Next Monday will mark the ten-year anniversary of Eric Harris and Dylan Klebold's massacre that killed 12 students and a teacher at Columbine High School in Littleton, Colorado.
The events unleashed by the two teenaged boys led to a burst in school security spending, but that era has come to an end, reports The Wall Street Journal, as spending from federal, state, and local sources has largely dried up or has been used for other things.
Federal funds have been cut by a third, or $145 million. States have slashed spending or allowed school districts to buy textbooks with money once reserved for security. Even the Colorado school district that includes Columbine canceled its annual violence prevention convention.
Despite the fears these cutbacks have sparked among educators and security consultants, the WSJ found that an alarming percentage of schools fail at even the most conventional and low-cost security measures.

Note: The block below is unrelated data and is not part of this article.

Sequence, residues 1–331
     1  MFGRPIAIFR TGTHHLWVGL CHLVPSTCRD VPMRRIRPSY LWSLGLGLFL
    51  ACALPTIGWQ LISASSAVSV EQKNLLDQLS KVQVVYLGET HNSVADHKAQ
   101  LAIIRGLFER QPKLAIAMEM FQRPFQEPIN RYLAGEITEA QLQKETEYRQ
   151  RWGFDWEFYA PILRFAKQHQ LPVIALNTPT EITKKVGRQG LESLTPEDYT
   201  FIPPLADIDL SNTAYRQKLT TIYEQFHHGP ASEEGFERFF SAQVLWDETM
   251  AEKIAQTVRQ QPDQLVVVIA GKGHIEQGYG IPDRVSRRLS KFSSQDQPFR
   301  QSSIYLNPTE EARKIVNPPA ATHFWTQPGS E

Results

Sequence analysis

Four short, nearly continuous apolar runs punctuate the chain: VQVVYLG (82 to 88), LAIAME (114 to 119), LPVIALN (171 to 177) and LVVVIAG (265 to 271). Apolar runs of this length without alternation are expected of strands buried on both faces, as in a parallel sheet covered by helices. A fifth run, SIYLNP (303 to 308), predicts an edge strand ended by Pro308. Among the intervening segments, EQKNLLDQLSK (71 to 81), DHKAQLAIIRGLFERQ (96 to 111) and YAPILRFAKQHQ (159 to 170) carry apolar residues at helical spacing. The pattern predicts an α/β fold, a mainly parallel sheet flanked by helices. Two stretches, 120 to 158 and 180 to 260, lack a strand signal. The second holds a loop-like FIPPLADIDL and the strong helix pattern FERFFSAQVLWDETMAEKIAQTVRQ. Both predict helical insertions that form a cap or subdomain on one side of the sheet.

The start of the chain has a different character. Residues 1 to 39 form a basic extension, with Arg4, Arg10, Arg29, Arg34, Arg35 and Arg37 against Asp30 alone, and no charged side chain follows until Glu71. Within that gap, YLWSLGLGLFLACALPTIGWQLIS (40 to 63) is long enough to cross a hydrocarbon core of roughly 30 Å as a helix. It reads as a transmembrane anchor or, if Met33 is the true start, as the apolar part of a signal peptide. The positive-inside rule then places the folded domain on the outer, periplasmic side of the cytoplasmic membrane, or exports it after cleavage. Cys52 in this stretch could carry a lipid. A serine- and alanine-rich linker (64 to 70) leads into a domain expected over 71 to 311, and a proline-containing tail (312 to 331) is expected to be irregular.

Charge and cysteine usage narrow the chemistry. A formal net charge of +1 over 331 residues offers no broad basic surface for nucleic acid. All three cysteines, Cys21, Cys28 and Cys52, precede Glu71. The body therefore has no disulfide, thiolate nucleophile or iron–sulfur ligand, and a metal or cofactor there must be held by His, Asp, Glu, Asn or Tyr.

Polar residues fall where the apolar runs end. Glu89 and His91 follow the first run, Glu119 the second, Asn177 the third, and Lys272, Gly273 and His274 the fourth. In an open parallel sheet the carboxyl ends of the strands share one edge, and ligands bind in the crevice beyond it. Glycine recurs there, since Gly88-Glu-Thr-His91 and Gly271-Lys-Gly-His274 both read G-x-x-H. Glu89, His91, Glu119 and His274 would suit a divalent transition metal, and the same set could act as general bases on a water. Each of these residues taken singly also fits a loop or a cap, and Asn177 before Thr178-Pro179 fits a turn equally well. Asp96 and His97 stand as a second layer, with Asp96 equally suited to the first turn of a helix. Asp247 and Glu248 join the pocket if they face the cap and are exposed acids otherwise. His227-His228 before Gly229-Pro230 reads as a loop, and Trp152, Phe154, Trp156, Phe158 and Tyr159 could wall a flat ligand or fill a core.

In a recent survey of 445 educators conducted by the American Association of School Administrators, nearly 80% of respondents called school-safety funds "stretched" or "inadequate." Yet many also said they left quick, inexpensive fixes undone. More than 15% reported that their school entrances are neither locked nor monitored. A third confessed to propping open doors, giving intruders easy access. One in five didn't equip recess and field-trip monitors with walkie-talkies to report suspicious sightings or brewing conflicts.
And 29% either had no safety committee or indicated doubts about its effectiveness. Such committees are intended to bring together parents, teachers and local law enforcement at regular intervals.
The article goes on to describe several low-cost approaches to security that try to increase the amount of interaction between students and teachers as well as other adults. For example, take Tommie McCarter, the principal of poor Westwood High School in Memphis, Tennessee. By having teachers stand in the hallways in-between classes, McCarter has seen the number of fights drop from one every day to only four or five a year.
She credits teachers simply "being visible" as the best approach. "And that's no cost," she told WSJ.